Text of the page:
Tassimo Re-Usable Pods

Tassimo Re-Usable Pods

UPDATE (Apr 2016): Thanks to Gilly for posting a link to a video showing someone that has made a re-usable Tassimo pod!  It doesn’t appear to be 3D printer (as the surface is very shiny) so hopefully these will be available soon.  Note that you’ll still need to know what barcode to put on the pod for the different types of drink (heat, pressure and volume of water is all controlled by the barcode).  View the YouTube video here:

I recently bought a Tassimo (Bosch TAS6515GB) Coffee maker for the Fresh Mango UK office and while I do love it, the cost of the pods is pretty high but more frustratingly the amount of plastic waste produced is appalling.

Cheapest Option for Buying Tassimo Pods

In terms of cost, I purchase the pods 40 at a time via an Amazon Subscription as this seems to be the cheapest way to buy them and its pretty convenient.

Recycling Tassimo Pods

In the UK the easiest way we’ve found to recycle not only the pods but the foil-type bads the pods come in is via the TerraCycle project (www.terracycle.co.uk) although oddly there is a waiting list to join the Tassimo Recycling ‘brigade’ so sign up ASAP and start collecting the empty pods.

Reusable Tassimo Pods

Re-usable Pod Kits

Oddly there have only been a handful of companies offering re-usable Tassimo Pods and so far no-one has created one that’s any good.  My Cap (www.my-cap.com) offer a kit that is actually just a Tassimo pod with a couple of holes punched in it and a rubber bung to plug those holes.  I haven’t used one myself but all reviews I’ve read state that they are very poor and, leak and half the time the plugs pop out due to the extreme pressure in the machine.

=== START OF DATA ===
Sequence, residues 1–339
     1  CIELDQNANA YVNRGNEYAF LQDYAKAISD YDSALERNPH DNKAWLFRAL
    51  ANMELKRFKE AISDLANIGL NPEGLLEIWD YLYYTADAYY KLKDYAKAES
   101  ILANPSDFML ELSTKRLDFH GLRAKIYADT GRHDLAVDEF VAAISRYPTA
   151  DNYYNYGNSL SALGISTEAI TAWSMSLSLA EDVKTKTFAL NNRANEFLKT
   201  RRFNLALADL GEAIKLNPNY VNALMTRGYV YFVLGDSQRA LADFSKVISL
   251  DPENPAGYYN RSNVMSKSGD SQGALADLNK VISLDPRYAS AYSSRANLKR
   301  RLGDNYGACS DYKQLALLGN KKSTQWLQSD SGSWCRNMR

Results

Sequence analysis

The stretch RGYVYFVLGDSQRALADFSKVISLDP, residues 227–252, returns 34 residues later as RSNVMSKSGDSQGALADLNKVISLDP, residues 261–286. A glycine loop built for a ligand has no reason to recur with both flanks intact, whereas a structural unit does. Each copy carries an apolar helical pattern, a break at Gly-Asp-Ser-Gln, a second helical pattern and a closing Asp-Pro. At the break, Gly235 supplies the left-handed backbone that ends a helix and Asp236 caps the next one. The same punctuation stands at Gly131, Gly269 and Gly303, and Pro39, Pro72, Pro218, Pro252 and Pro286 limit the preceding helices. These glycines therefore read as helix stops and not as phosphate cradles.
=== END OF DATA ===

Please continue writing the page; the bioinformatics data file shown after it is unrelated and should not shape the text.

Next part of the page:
Do It Yourself

A user here on instructables.com says he reuses his pods himself doing the following:

I have refilled used Tassimo Nabob Columbian pods with some success. I first cut an oval hole in the foil of the pod, well away from the barcode. I use an xacto knife and make the hole about 1/4 x 3/8 inch in size with a smooth curve all the way around so it won’t tear. I then hold the pod under a tap, letting water splash into the hole. It’s amazing how fast the old grounds flush out, leaving the interior clean. Next I spoon in coffee of my choice (usually Columbian Arabica) until the pod is nearly filled. I have to regularly shake the pod from side-to-side to distribute the coffee. The last step is to cut a patch from a piece of aluminum duct tape, allowing up to 1/4 inch of overlap all the way around the hole. I then remove the adhesive-covering paper and apply the patch. I burnish it with the spoon everywhere it contacts the original foil. The pod is then ready to use. I always get some leakage, unfortunately, but usually I can collect it in my cup by repositioning it. Rarely do any grounds leak out.

What Next?  Creating a Re-usable Tassimo Pod

I’m amazed a plastic products manufacturer in China or similar responsive/flexible manufacturing region haven’t filled the gap in this market with a simple two piece pod that’s threaded in the middle.  The larger pods used for ‘latte’ drinks are plenty big enough to accommodate the space required for a threaded collar on the inside along with two rubber O-rings to allow for a good seal of the inner pipe and the coffee chamber while ensuring the intake pipe at the back is properly aligned.